The Weekend Read – What they don’t teach you at Harvard Business School by Mark H McCormack

9781781253397First published in 1984, I see that it is still one of the top sellers in the Business sections of airport book shops. Its very longevity proves that it either must have something going for it or because it has always been popular it must be good. Well you pays your money and you takes your choice. I find it a well written, easily digestible book with plenty to offer anyone in any business.

I read it when it was first released by Collins in 1984 (so yet another thank you to my Dad)  thinking that the lessons of “big business” which at the time were a million miles away from my life as a peripatetic associate in dental practices would not apply to my life. In this as in many other things I was wrong – the fundamentals of business large or small are the same. I have re-read it a couple of times since and although the landscape may have changed the fundamentals have not – nor will they.

The book is split into three sections People, Sales & Negotiations, and Running a Business. The opening four chapters should be compulsory reading for all new dental graduates including as they do with getting on with people, making an impression and getting ahead. The Sales and Negotiations isn’t as high blown as you may think and has plenty of nitty gritty advice.

The last four chapters on running a business are invaluable to anyone thinking about getting into business on their own or wanting to be a first class employee. There is a lot of B***S*** spoken these days about being an entrepreneur; those people who say they want to be an entrepreneur, especially in dentistry, would do well to read the last chapter of the book where he states that 99% of people should work for somebody. Start by examining your motives and if they are dreams, if you are running away from things or you ‘want to make a lot of money’ then McCormack writes, “forget it”.

In case you don’t know who Mark McCormack was (he died in 2003) here’s the blurb, “dubbed ‘the most powerful man in sport’, founded IMG (International Management Group) on a handshake. It was the first and is the most successful sports management company in the world, becoming a multi-million dollar, worldwide corporation whose activities in the business and marketing spheres are so diverse as to defy classification. Here, Mark McCormack reveals the secret of his success to key business issues such as analysing yourself and others, sales, negotiation, time management, decision-making and communication. What They Don’t Teach You at Harvard Business School fills the gaps between a business school education and the street knowledge that comes from the day-to-day experience of running a business and managing people. It shares the business skills, techniques and wisdom gleaned from twenty-five years of experience.”

Available from The Book Depository.

The Weekend Read – The War of Art by Steven Pressfield

9781936891023I have recently read this book for the third time in 12 years. It was a gift from my coach just after I completed the sale of my practice in 2005. Presumably he identified my proclivity for procrastination which has frequently led me away from the right direction, if not always entirely in the wrong one.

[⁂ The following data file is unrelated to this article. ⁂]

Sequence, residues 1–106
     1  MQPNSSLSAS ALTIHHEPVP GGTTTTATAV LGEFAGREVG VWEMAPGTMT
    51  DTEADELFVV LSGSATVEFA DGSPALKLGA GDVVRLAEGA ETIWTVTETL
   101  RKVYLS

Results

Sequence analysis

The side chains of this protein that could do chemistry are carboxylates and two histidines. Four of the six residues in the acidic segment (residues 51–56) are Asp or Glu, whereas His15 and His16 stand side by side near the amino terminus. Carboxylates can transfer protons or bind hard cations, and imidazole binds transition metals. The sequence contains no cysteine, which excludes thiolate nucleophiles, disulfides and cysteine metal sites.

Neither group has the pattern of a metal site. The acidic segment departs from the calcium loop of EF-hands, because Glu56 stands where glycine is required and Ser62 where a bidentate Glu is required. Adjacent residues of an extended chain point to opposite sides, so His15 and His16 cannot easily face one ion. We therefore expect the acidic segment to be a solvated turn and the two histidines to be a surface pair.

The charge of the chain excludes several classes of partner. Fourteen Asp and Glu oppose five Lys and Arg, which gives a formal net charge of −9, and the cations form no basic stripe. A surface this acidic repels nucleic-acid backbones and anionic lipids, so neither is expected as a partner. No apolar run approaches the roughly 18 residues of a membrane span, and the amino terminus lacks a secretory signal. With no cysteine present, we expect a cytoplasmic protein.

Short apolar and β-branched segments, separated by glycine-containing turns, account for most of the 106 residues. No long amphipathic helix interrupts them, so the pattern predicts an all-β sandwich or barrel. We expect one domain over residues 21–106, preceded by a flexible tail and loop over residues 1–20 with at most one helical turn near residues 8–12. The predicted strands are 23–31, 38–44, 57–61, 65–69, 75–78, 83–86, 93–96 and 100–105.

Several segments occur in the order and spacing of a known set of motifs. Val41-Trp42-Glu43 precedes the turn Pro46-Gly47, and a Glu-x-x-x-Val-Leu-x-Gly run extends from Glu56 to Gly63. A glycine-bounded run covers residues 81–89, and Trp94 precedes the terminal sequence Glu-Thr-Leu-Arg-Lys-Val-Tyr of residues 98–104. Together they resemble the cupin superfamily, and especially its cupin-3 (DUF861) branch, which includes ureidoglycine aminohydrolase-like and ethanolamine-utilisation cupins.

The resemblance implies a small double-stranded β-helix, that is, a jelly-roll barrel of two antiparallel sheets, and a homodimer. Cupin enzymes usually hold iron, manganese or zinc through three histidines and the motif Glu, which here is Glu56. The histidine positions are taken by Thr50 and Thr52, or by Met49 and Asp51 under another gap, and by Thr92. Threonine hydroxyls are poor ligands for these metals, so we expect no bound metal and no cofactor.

The forward by Robert McKee starts, “Steven Pressfield wrote The War of Art for Me. He undoubtedly wrote it for you too, but I know he did it expressly for me because I hold Olympic records for procrastination. I can procrastinate thinking about my procrastination problem. I can procrastinate dealing with my problem of procrastination thinking about my procrastination problem.” All I can say Robert is you’re probably right and it was such a relief to realise that I am not alone.

This is a book in three parts. Book One is about the enemy of creativity which he names Resistance, Book Two is “Turning Pro” and it’s all about Combating Resistance and the author identifies the characteristics, traits and habits that make one “A Pro”.

Finally Book Three is “Beyond Resistance” – The Higher Realm and he considers Inspiration.

I realise that this all sounds well and good, with lofty ideals and ideas, but in reality this book will help, encourage and inspire you to identify the reasons for your lack of accomplishment and with practical ideas get you going again. Time after time after time.

A gem.

Buy it here

The Weekend Read – Let my people go surfing by Yvon Chouinard

chouinardSub-titled “The Education of a Reluctant Businessman”, I am indebted to my friend Richard Hellen for recommending this book. If you fail to be informed, inspired and encouraged then ask yourself why you are in business.

Patagonia is a company that deserves the attention of any business owner, employee or customer. Founded by Yvon Chouinard in 1964 as a mail order company to follow on from his original business of designing, manufacturing and distributing rock-climbing equipment which would not damage the rocks. The business grew slowly until 1972 when he started selling rugby shirts and the clothing business took off.

Dedicated to inspire and and implement solutions to the environmental crisis Patagonia pledges 1% of sales to preservation and restoration of the natural environment. Their products are designed to be sustainable, to work hard and to last.

They have suffered setbacks not least when they lost a series of law suits for “failing to inform” of safety issues related to usage of climbing hardware including one filed by the survivors of a climber who died in a fall after slipping out of a Chouinard climbing harness. The financial outcome led to bankruptcy and their abandoning climbing gear manufacture, but they regrouped and persevered.

This book is part autobiography, part story of a unique business and a detailed blueprint for hope. Firstly a man who has lived fully and challenged the wilderness, a business that lives as close to its principles as it can with a culture that cares for its people, both customers and staff, and products and finally does its best to sustain and protect our environment.

I cannot recommend it highly enough, it recently absorbed, entertained, informed and influenced me through two trans-Atlantic flights making me wonder about the source of the clothes that I was wearing and increasingly guilty about every mile of the damage that my journey was causing.

You can buy it here from The Book Depository.

The Monday Morning Quote #400

“Five years from today, you will be the same person that you are today,

except for the books you read and the people you meet.” .

Charlie “Tremendous” Jones

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photo – a portion of one wall of ‘The Woodshed” at ReesAcres.ie